(working on kernel support)
|Front camera ª||GalaxyCore GC2145, 2.0 MP, f/2.8, 1/5″, max 1600x1200 photo, 800x600 and 1600x1200 video, using MIPI 8-bit parallel interface||SK hynix YACG4D0C9SHC 8.0 MP, CMOS, 1/4", 3264×2448 pixels, QUXGA@30fps, FHD@60fps (crop), HD@90fps, focusing range: 28.9-65.0cm, 83.3° FOV
(working on kernel support)
|Sensors||● ST LIS3MDL accelerometer,
● Sensortek STK3335 proximity & ambient light (datasheet),
● TDK MPU-6050 magnetometer
|● ST LSM9DS1 9-axis gyrometer, accelerometer & magnetometer,
● Vishay VCNL4040 proximity & ambient light
|None for security reasons|
|Hardware kill switches||
6 DIP switches under back cover:
4. Rear camera
5. Front camera
|3 switches on side of case:
● Cellular modem,
(3 together kill all sensors and GNSS)
|Audio DAC||24-bit 8-192 KHz DAC in the A64||Wolfson Media WM8962|
|3.5mm audio jack||Yes||Yes (stereo out, mono mic)||Yes|
|Speaker||One||1 earpiece speaker, 1 loud speaker (case image shows speaker holes on bottom bezel)||Two|
|Battery||Li-Po 3000 mAh (same as Galaxy J7 battery), 5V 3A (15W) fast charge, easily replaceable without tools
(a 3500mAh battery in the same form factor is possible)
● Can boot without battery, but needs the battery to use the cellular baseband and WiFi/BT.
● Planned 6000mAh battery mod
4500 mAh 3.8V LiPo (2000 mAh in Birch and Chestnut, 3600mAh in Dogwood), easily replaceable without tools, fast charging up to 5Vx3A (15W), 9Vx2A (18W) & 12Vx2A (24W)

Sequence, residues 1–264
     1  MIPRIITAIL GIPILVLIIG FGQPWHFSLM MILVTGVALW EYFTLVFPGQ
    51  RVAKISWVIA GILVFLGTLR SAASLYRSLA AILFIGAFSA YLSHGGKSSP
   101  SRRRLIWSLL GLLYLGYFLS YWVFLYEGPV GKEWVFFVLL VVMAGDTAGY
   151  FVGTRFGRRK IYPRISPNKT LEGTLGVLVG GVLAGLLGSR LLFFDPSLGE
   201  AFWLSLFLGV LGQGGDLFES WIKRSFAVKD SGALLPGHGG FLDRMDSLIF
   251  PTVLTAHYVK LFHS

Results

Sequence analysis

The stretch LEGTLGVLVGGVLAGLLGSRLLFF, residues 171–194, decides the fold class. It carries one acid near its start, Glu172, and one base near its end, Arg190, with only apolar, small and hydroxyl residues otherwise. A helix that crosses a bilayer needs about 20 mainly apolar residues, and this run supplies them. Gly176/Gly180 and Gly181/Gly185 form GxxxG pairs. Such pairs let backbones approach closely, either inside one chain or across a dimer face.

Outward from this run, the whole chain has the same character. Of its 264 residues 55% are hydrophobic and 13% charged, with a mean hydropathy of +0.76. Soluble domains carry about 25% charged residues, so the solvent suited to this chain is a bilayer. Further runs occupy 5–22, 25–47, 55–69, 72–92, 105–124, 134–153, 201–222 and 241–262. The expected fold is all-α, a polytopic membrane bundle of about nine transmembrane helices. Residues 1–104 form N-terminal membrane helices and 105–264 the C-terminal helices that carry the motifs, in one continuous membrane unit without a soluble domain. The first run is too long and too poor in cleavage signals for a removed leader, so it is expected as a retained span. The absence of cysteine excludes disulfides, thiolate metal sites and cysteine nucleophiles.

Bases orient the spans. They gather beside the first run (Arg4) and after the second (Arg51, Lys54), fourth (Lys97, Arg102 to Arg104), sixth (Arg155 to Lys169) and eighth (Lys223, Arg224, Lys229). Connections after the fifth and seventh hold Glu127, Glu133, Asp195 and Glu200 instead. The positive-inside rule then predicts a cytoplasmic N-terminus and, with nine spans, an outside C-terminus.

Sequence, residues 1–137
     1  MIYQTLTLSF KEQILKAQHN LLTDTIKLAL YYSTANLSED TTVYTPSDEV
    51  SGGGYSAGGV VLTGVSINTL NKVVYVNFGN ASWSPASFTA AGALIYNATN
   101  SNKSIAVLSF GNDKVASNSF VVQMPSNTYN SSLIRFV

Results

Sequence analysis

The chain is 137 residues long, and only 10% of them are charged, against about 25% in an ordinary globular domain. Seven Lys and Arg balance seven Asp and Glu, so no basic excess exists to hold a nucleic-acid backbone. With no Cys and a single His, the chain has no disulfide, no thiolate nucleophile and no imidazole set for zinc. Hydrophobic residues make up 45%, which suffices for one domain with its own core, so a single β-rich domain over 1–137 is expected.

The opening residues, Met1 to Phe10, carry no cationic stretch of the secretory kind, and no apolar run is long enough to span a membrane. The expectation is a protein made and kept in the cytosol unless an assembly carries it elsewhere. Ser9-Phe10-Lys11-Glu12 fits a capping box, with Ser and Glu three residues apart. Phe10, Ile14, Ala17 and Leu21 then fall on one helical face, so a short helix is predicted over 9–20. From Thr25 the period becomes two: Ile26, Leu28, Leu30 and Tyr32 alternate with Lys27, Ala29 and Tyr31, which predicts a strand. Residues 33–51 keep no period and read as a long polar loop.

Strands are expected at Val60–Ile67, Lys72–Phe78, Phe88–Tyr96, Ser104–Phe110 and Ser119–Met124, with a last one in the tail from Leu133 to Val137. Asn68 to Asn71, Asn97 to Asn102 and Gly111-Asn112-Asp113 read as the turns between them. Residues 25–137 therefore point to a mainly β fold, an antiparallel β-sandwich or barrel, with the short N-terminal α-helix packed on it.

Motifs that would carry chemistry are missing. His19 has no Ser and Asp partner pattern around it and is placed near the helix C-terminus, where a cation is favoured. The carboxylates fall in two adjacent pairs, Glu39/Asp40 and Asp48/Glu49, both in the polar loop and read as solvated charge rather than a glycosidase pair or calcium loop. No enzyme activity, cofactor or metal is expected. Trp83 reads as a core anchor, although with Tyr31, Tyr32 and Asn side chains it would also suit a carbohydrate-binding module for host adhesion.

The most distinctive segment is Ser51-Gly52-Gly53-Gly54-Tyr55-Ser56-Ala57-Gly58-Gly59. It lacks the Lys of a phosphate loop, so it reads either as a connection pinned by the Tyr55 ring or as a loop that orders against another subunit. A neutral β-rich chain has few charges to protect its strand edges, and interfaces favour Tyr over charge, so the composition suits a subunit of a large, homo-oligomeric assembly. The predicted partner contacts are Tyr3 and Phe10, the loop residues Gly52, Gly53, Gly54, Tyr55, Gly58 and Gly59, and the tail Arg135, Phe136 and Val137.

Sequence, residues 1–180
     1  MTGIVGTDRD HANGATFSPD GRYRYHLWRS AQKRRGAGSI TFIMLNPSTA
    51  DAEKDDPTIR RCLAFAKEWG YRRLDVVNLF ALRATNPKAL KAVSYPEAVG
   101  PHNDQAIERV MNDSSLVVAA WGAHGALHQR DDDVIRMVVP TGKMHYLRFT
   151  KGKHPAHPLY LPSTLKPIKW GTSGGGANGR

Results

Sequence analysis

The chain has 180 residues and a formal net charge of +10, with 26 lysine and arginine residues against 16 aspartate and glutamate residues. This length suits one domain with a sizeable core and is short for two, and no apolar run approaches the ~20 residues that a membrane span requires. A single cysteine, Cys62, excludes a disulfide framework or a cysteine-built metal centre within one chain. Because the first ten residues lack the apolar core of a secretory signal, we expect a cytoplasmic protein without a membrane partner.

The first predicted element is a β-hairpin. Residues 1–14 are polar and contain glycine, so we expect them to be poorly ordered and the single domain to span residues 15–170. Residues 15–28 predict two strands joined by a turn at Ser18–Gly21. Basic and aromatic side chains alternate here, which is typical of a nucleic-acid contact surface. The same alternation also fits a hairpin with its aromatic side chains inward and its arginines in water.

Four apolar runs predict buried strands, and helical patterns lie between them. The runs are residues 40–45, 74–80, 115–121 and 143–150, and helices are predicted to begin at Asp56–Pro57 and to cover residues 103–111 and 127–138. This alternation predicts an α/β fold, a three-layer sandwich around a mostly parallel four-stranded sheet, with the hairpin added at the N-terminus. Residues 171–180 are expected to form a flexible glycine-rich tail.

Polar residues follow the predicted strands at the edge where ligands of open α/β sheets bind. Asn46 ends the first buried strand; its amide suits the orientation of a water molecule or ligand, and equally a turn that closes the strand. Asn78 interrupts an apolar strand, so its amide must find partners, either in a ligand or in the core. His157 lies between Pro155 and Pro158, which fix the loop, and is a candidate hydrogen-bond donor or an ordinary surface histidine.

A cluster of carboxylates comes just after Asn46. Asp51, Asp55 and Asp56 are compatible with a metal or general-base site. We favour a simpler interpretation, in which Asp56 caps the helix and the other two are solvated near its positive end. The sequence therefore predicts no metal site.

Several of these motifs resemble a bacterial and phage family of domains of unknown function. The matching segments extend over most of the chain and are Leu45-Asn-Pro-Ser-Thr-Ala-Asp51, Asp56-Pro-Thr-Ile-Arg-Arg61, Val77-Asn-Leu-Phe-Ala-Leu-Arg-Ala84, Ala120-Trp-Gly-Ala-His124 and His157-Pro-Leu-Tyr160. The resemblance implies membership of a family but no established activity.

● Can run on USB charger without the battery.
|3500 mAh (not soldered, but screen must be removed to replace the battery)|
|USB port||USB Type-C, USB 2.0, USB Host (OTG)
[bug in v1.1 & v1.2]1,2
|USB Type-C, USB 3.0 (150-170 MB/s), Power Delivery (PD), Battery Charging 1.2 and Dual-Role Port to charge other devices||Micro-USB 2.0, data transfer disabled|
|Video out †||DisplayPort alt-mode over USB-C (Analogix ANX7688 converts HDMI 1.4 to DP alt-mode, highest reported resolution is 1080p@60)||DisplayPort alt-mode over USB-C (max 4K@60fps, using DCSS, TI TPS65983 converts DP 1.3 to DP alt-mode)||DisplayPort|
|Wi-Fi||Realtek RTL8723CS 802.11 b/g/n, single-band (2.4 GHz), hotspot||Redpine Signals RS9116 802.11 a/b/g/n 2.4 & 5 GHz via SDIO 2.0 on a M.2 2230 E Key card||WiFi (via SDIO) WF1801, single band (2.4GHz)|
|Bluetooth||4.0, A2DP||5.0 (only Bluetooth 4 verified), via I2S and SDIO 2.0|
● Planned NFC mod